The statement added that, “Nigerians can now clearly see why the APC and President Buhari’s handlers are always in a frenzy to attack our party and other well-meaning Nigerians whenever we point to the poor handling of the economy and on the need for President Buhari to always be factual on pertinent issues of governance in our country.
“Unfortunately, it indeed appears that Mr. President enjoys living in denial while watching millions of Nigerians go down in abject poverty, excruciating hunger, and starvation as our country now ranks 98th out of 107 in Global Hunger Index under his watch.
“Otherwise, why would Mr. President claim that his administration has lifted over 10.5 million Nigerians out of poverty while official figures even from the National Bureau of Statistics (NBS) show worsening poverty rate with 142.2% growth in food inflation and over 82.9 million Nigerians being unable to afford their daily meals due to the failure of the administration to take practical steps to grow and protect the food sector?
“Under President Buhari, Nigerians are now subjected to the worst form of poverty and hardship, with collapsed purchasing power, occasioned by a voodoo economy management that has wrecked our productive sectors and pummeled our naira from the about N167 to a US dollar in 2015 to the current over N500 per dollar.
“It is unfortunate that Mr. President will choose to always bandy fictitious figures and false performance claims, when he has, in a space of six years, destroyed our national productivity and reduced our country to a beggarly nation, a laughing stock and object of pity among the comity of nations.
“The PDP invites Nigerians to note President Buhari and APC’s similar false performance claims in other critical sectors, including power, transportation, road infrastructure, health, education, agriculture, security, aviation among others, where the Buhari administration has been bandying fictitious figures with no tangible project to point at.
“Our party counsels President Buhari, his handlers as well as their party, the APC, to note that Nigerians have seen through their deceitful clams.
“The PDP, once again, urges Mr. President to end his false performance claims and get more competent hands to manage the economy before every Nigerian is turned into a street beggar.”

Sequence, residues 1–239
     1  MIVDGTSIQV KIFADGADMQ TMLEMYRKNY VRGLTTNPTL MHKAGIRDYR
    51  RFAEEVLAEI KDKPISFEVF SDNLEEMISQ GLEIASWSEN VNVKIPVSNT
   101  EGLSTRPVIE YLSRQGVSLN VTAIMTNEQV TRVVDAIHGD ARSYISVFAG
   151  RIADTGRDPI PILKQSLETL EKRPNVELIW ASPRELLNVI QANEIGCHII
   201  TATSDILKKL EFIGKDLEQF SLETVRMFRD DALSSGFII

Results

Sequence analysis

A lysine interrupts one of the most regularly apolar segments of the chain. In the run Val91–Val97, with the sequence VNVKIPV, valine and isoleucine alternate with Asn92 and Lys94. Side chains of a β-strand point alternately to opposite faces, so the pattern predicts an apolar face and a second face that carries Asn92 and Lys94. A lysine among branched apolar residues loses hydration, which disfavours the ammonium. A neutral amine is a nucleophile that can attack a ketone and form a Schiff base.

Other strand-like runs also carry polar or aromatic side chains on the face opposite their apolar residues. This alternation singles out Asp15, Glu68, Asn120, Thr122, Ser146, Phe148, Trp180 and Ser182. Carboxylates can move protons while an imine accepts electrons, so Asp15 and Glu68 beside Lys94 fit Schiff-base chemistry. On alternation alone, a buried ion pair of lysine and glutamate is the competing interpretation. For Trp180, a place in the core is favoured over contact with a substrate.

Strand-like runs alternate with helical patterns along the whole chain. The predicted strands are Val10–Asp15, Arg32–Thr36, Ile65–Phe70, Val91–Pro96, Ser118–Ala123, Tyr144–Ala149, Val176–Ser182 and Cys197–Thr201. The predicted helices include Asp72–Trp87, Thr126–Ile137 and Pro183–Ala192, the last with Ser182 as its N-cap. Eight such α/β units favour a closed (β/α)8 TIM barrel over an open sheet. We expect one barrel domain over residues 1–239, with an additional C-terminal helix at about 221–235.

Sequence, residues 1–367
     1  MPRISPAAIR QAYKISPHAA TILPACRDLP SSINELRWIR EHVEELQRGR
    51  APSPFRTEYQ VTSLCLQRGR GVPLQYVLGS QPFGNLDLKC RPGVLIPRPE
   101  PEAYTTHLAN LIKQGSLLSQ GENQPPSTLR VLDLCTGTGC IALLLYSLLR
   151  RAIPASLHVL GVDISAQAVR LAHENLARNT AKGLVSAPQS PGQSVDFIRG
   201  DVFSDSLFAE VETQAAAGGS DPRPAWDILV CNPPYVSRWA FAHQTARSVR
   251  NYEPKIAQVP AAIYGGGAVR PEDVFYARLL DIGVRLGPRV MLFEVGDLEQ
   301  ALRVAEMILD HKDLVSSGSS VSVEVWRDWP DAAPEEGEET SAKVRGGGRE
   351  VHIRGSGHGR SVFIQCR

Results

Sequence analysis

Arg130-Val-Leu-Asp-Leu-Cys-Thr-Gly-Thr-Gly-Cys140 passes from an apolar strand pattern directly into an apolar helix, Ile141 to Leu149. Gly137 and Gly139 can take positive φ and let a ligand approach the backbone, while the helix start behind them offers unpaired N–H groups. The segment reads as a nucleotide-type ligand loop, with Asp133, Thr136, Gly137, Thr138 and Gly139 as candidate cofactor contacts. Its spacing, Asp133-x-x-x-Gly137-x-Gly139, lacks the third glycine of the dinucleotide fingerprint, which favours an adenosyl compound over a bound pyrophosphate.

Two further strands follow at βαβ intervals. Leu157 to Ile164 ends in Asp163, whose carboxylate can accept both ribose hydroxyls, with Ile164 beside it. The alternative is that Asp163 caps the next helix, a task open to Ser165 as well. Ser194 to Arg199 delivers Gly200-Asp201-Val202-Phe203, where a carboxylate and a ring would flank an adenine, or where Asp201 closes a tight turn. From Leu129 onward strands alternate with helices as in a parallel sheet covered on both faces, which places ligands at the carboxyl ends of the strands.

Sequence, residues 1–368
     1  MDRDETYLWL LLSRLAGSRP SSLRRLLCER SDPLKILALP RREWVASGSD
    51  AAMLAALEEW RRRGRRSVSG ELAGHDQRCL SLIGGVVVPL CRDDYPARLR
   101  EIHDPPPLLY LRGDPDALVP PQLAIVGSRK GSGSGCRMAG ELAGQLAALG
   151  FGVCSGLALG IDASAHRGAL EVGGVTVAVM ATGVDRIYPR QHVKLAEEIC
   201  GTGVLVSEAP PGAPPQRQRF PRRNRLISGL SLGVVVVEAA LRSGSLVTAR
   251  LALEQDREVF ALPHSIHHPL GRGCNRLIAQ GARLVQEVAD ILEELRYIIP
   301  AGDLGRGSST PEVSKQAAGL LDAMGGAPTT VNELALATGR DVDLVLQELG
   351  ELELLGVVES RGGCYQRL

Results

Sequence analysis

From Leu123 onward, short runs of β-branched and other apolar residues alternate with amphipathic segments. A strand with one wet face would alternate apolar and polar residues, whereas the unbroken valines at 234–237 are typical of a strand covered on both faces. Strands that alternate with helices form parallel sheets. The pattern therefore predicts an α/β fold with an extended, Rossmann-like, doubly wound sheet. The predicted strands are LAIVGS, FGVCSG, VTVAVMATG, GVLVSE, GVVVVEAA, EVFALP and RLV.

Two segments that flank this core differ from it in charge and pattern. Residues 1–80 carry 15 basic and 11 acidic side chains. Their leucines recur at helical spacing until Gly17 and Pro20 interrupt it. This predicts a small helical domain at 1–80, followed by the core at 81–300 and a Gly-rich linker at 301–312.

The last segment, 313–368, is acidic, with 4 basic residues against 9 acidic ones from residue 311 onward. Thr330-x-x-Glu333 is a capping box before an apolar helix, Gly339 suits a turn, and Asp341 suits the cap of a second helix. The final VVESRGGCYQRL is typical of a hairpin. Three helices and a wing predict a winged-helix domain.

Amnesty Kicks As FG Pushes Social Media Regulation
Amnesty International has strongly opposed the call by the Nigerian Government to regulate the use of social media and online broadcasters.
It would be recalled that the Minister of Information and Culture, Lai Mohammed, had urged the House of Representatives to include regulation of Twitter in the National Broadcasting Commission Act.
The minister made the call at the public hearing on a bill to amend the NBC Act organised by the House Committee on Information.
“I will want to add, that specifically, internet broadcasting and all online media should be included in this because we have responsibility to monitor content— including Twitter,” he said.
Reacting, Amnesty International, in a tweet via its Twitter account, yesterday, kicked against the motion.
It noted that when social media is regulated, authorities can arbitrarily have powers to shut down the internet and limit access to social media.
It further noted that criticizing the government will be made punishable with penalties of up to three years in prison.
“When social media is regulated, authorities can arbitrarily have powers to shut down the Internet and limit access to social media.
“Criticizing the government will be made punishable with penalties of up to three years in prison.
“Regulating social media in Nigeria could be easily abused to punish critics of government policies and actions, and anyone who asks difficult questions could find themselves liable for ‘diminishing public confidence in the government.’
“Seeking a law to prohibit abusive, threatening and insulting behaviour is open to very wide interpretation. This section would pose a threat to critical opinion, satire, public dialogue and political commentary,” the statement added.